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hardest fighting armies in history, and again, in 1904, he said that the view expressed in his article on Grant to which I have referred had been modified by later studies and that he should not care to have its comments on the Wilderness taken as a critical discussion of that campaign.

About the year 1900 Colonel Dodge, finding himself in circumstances which permitted him to quit business, established his residence in Paris, as the point most convenient for his visits to the fields on which Frederick and Napoleon manæuvred and fought, and for access to the books and archives to be consulted in the preparation of his narratives of their careers. During the remainder of his life he devoted bimself to that work. At his residence in Paris a fine hospitality attracted much and varied company from his large acquaintance, and there, between the pleasures of social intercourse and the work on his books in the congenial company of a talented wife who greatly aided in his work, he found, in the enjoyment of an ideal life, reward for the trials and stress of his long business career. In 1908, seeking relief from an infirmity which had grown upon him, he established his residence in the ancient Château de Rozières, which he had acquired, but his health failed further and recrudescence of his old wounds impaired his vitality so that for months he was unable to resume his narrative of Frederick, a sore trial to him, when the official publications for whose appearance he had suspended the work were at last at hand. To complete this work then became the chief desire of the life that was in him. His hopes all centred upon this object and braced his feeble frame for recovery. After months without ability to

his pen, he rose from his bed a shadowy embodiment of courage and nerve, and once more resumed his reading, able to pursue it but for a brief hour a day, and, striving to finish his work while yet there was life, he fell, with his barness on, as became the soldier that he was.

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The stated meeting was held on Thursday, the 13th instant, at three o'clock, P. M. ; the PRESIDENT in the chair.

The record of the last meeting was read and approved; and the list of donors to the Library during the last month was read.

The PRESIDENT announced the death of George Park Fisher, a Corresponding Member, which took place on December 20, 1909. He reported, for the advisory Committee on the final definitive edition of the Bradford and Winthrop Histories, that the Editor had reached a point in the preparation of the work where he would be able to begin the printing early in the coming summer; and that the Committee had accordingly directed him to proceed with the publication.

Samuel Walker McCall, of Winchester, was elected a Resident Member of the Society.

The PRESIDENT called attention to a paragraph of the notice of the meeting wherein reference was made to the fact that its date marked the completing of fifty years in the membership of the senior Vice-President and Librarian, Dr. Green. In doing so he said :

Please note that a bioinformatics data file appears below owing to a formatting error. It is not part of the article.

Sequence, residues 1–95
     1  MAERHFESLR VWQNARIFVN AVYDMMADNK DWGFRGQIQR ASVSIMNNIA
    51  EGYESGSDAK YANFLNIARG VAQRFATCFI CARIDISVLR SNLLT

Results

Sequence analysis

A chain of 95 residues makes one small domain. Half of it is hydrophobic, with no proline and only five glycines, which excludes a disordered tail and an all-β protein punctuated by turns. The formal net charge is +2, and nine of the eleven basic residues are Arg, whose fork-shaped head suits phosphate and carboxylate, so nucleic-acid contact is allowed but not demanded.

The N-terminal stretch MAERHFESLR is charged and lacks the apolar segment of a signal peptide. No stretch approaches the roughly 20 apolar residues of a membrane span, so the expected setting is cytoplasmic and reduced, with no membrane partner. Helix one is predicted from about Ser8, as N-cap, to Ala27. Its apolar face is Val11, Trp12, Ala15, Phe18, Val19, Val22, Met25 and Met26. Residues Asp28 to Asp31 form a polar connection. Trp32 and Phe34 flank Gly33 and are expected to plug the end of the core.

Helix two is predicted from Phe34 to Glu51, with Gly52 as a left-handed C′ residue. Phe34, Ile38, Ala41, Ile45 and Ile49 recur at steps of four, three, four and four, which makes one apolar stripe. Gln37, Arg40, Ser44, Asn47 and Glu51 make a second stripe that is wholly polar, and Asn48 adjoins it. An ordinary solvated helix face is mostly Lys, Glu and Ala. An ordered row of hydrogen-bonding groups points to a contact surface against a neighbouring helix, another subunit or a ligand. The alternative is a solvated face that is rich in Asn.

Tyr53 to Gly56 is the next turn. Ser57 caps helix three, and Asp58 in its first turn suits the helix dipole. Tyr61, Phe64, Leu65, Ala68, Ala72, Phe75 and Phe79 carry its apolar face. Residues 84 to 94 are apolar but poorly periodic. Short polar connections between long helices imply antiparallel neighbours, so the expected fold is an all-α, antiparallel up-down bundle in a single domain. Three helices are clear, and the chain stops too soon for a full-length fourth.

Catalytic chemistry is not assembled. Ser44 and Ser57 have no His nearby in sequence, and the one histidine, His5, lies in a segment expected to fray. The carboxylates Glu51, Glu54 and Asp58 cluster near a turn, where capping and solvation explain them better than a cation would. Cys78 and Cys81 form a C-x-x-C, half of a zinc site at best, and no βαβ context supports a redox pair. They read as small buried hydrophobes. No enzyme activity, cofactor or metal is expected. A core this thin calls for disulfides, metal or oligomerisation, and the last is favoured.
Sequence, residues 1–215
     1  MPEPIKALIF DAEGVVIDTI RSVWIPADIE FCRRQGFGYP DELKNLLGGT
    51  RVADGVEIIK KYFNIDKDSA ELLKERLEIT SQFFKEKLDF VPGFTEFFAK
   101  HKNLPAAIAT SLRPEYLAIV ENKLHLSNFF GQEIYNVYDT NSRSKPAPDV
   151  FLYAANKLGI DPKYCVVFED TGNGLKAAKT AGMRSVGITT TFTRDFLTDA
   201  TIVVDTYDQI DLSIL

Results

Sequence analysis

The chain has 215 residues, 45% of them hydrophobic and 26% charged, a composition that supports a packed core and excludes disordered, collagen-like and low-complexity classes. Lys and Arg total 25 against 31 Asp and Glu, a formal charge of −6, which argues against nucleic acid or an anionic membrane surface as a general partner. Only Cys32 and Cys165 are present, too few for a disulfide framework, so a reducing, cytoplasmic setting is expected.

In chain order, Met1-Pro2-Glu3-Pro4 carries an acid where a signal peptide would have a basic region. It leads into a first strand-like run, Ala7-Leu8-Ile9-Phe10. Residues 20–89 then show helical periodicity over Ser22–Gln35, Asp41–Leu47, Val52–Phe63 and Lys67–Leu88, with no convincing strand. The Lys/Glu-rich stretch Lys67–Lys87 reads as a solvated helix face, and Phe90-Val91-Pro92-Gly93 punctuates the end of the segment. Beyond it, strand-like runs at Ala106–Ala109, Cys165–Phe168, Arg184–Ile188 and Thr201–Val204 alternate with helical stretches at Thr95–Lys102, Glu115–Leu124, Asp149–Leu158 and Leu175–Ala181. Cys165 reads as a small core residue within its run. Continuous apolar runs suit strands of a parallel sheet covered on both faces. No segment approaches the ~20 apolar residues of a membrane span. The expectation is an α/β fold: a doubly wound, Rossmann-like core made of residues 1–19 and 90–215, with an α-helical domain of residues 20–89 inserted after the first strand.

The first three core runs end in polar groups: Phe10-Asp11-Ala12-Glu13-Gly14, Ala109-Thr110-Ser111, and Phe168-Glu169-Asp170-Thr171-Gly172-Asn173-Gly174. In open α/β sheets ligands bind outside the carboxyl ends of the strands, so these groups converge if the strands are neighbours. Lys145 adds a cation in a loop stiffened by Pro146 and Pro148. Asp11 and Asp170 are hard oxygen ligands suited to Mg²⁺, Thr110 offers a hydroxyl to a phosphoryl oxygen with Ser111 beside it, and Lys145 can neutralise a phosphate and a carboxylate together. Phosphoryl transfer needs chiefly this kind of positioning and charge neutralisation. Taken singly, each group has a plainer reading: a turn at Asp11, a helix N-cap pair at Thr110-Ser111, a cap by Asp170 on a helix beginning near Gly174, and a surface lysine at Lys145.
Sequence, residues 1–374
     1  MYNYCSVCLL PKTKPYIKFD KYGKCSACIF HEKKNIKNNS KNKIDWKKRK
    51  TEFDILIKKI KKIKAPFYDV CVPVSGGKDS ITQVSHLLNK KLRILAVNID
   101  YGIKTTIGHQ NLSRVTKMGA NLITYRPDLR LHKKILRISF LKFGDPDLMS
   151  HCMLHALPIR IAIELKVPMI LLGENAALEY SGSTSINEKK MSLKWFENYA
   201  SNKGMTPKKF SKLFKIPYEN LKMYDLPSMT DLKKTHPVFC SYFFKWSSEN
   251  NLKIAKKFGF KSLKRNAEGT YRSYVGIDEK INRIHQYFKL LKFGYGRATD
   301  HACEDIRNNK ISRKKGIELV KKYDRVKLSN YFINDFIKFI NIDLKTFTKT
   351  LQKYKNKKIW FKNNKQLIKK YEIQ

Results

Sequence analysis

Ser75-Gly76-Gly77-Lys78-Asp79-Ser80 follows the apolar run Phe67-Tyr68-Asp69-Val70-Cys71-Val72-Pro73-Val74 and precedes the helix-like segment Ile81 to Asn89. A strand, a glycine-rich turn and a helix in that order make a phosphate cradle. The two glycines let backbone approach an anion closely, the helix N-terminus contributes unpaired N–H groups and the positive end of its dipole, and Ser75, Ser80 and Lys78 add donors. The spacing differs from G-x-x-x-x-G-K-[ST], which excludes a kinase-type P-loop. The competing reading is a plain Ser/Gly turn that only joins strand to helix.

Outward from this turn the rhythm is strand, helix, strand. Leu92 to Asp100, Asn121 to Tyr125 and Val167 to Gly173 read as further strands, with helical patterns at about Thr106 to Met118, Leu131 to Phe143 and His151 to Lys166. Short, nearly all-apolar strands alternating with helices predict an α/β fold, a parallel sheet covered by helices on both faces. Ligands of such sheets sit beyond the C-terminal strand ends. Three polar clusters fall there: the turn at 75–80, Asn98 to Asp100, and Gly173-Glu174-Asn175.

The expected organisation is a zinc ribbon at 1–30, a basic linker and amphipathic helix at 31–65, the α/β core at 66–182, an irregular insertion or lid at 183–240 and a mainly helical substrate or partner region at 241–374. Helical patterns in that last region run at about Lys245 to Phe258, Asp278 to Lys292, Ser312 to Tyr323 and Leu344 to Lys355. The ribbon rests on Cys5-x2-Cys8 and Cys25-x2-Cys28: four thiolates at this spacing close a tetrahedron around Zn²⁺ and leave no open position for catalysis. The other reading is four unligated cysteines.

Personally, this reminder had for me a somewhat curious
interest, irresistibly reviving certain recollections. The first
time, I believe, I ever occupied the chair as presiding officer
of the Society, - I then being its senior Vice-President in
the last of the ten years' presidency of Dr. Ellis, — was at
the January meeting of 1894, which occurred on the 11th of
the month, sixteen years ago Tuesday last. I then took oc-
casion to remind those present that Rev. Dr. Lucius R. Paige, of
Cambridge, would, during the following May, round out a
full half-century of membership. In doing so I said :

It is a thing for which I take some blame to myself that when Mr.
Winthrop passed the limit in October, 1889, now more than four

ago, and when Mr. Ellis passed it in October, 1891, no notice was taken

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by the Society of events of such interest to us. I hope this will not be the case when the third pame on our list shall touch the golden period in the coming month of May. Nor need the Society apprehend that, if the practice should be introduced of noticing an event of this sort whenever the time for so doing may arrive, the thing would become of such ordinary occurrence as to sink into a conventional usage. After our friend Dr. Paige shall have passed his fiftieth year of service in the coming May, an examination of the list shows that no similar event is likely to occur until our friend Dr. Green shall arrive, in the year 1910, at his eightieth year, should he, as we all hope he may, attain that age. I

At the time I said this, there were, I remember, as there have just now again been, indications of suppressed amusement on the part of those present, the year 1910 seeming, in 1894, so very remote. Yet here it is ! But there is to me also a certain humor in the present situation, because in that January of 1894, when I uttered those words, I recalled that, only a short seven months before, in June, 1893, -- to be historically exact, on Tuesday, the 6th of that month, - I chanced to be in Concord, visiting, in company with members of the American Antiquarian Society, the historic localities of that place as the companions and guests of Senator Hoar. Among those there present, as I do not doubt he himself remembers, was Dr. Green; and I recall the occasion the more distinctly because, while waiting on the platform of the station at Concord for others of the party to arrive, Dr. Green took occasion to mention to me, in an incidental, pleasant sort of way, that he was satisfied he had not then long to live; that there were certain physical indications about him he had of late noticed, of a significance unmistakable to a medical man; and that, in fact, his remaining days, practically numbered, would be few. Being not wholly unaccustomed to medical prognostics of this nature, I am, in view of the present occasion, not unwilling to admit that I received the announcement in a spirit of Christian resignation and with silent acquiescence, not troubling our associate with any anticipatory condolences. Indeed, what mattered it? Had not Hamlet assured us that, “ if it be now, 't is not to come; if it be not to come, it will be now; if it be not now, yet it will come : the readiness is all.” So, upon that June morning sixteen years ago, on the platform of the Fitchburg Railroad station in Concord, the Doctor